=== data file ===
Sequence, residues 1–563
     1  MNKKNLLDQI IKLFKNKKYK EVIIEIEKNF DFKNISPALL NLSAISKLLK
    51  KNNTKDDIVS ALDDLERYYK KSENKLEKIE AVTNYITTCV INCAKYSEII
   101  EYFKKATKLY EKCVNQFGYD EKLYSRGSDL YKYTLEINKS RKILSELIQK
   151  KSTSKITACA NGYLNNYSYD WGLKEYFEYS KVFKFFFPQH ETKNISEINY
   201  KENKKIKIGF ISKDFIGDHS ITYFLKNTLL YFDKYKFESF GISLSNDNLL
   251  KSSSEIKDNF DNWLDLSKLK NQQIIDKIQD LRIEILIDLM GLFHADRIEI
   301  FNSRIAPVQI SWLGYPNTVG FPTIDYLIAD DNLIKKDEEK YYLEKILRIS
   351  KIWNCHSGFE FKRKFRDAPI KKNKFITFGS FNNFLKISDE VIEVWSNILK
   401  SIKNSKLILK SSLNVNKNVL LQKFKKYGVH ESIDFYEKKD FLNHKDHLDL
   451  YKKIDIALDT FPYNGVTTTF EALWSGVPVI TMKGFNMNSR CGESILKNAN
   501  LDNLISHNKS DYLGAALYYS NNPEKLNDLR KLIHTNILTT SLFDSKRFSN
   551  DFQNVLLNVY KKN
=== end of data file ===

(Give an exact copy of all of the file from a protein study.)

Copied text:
Sequence, residues 1–563
     1  MNKKNLLDQI IKLFKNKKYK EVIIEIEKNF DFKNISPALL NLSAISKLLK
    51  KNNTKDDIVS ALDDLERYYK KSENKLEKIE AVTNYITTCV INCAKYSEII
   101  EYFKKATKLY EKCVNQFGYD EKLYSRGSDL YKYTLEINKS RKILSELIQK
   151  KSTSKITACA NGYLNNYSYD WGLKEYFEYS KVFKFFFPQH ETKNISEINY
   201  KENKKIKIGF ISKDFIGDHS ITYFLKNTLL YFDKYKFESF GISLSNDNLL
   251  KSSSEIKDNF DNWLDLSKLK NQQIIDKIQD LRIEILIDLM GLFHADRIEI
   301  FNSRIAPVQI SWLGYPNTVG FPTIDYLIAD DNLIKKDEEK YYLEKILRIS
   351  KIWNCHSGFE FKRKFRDAPI KKNKFITFGS FNNFLKISDE VIEVWSNILK
   401  SIKNSKLILK SSLNVNKNVL LQKFKKYGVH ESIDFYEKKD FLNHKDHLDL
   451  YKKIDIALDT FPYNGVTTTF EALWSGVPVI TMKGFNMNSR CGESILKNAN
   501  LDNLISHNKS DYLGAALYYS NNPEKLNDLR KLIHTNILTT SLFDSKRFSN
   551  DFQNVLLNVY KKN